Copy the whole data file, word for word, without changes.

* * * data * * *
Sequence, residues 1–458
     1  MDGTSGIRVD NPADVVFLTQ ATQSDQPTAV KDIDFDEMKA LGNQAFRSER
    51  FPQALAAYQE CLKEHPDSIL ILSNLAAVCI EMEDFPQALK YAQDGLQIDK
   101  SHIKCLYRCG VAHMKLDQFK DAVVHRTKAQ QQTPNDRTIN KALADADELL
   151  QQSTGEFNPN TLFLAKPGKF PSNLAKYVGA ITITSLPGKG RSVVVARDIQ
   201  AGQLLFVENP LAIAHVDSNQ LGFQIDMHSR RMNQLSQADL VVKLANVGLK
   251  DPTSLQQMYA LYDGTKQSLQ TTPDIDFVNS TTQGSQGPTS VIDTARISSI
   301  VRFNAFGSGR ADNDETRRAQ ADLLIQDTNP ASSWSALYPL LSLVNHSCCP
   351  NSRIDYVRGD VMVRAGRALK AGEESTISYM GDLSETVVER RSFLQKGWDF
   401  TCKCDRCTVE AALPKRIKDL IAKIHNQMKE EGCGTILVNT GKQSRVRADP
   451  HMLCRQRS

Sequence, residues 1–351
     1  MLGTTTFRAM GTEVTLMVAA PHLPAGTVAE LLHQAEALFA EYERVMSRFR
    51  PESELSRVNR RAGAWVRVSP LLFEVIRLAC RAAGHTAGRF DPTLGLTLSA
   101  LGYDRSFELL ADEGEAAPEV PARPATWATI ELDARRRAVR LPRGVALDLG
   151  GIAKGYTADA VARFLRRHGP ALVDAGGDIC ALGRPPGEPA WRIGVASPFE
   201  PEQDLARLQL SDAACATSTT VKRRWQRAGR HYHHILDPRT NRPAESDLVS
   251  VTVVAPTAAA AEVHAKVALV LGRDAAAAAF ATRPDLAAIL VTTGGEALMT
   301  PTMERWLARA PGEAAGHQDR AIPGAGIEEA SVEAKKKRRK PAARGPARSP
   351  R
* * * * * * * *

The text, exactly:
Sequence, residues 1–458
     1  MDGTSGIRVD NPADVVFLTQ ATQSDQPTAV KDIDFDEMKA LGNQAFRSER
    51  FPQALAAYQE CLKEHPDSIL ILSNLAAVCI EMEDFPQALK YAQDGLQIDK
   101  SHIKCLYRCG VAHMKLDQFK DAVVHRTKAQ QQTPNDRTIN KALADADELL
   151  QQSTGEFNPN TLFLAKPGKF PSNLAKYVGA ITITSLPGKG RSVVVARDIQ
   201  AGQLLFVENP LAIAHVDSNQ LGFQIDMHSR RMNQLSQADL VVKLANVGLK
   251  DPTSLQQMYA LYDGTKQSLQ TTPDIDFVNS TTQGSQGPTS VIDTARISSI
   301  VRFNAFGSGR ADNDETRRAQ ADLLIQDTNP ASSWSALYPL LSLVNHSCCP
   351  NSRIDYVRGD VMVRAGRALK AGEESTISYM GDLSETVVER RSFLQKGWDF
   401  TCKCDRCTVE AALPKRIKDL IAKIHNQMKE EGCGTILVNT GKQSRVRADP
   451  HMLCRQRS

Sequence, residues 1–351
     1  MLGTTTFRAM GTEVTLMVAA PHLPAGTVAE LLHQAEALFA EYERVMSRFR
    51  PESELSRVNR RAGAWVRVSP LLFEVIRLAC RAAGHTAGRF DPTLGLTLSA
   101  LGYDRSFELL ADEGEAAPEV PARPATWATI ELDARRRAVR LPRGVALDLG
   151  GIAKGYTADA VARFLRRHGP ALVDAGGDIC ALGRPPGEPA WRIGVASPFE
   201  PEQDLARLQL SDAACATSTT VKRRWQRAGR HYHHILDPRT NRPAESDLVS
   251  VTVVAPTAAA AEVHAKVALV LGRDAAAAAF ATRPDLAAIL VTTGGEALMT
   301  PTMERWLARA PGEAAGHQDR AIPGAGIEEA SVEAKKKRRK PAARGPARSP
   351  R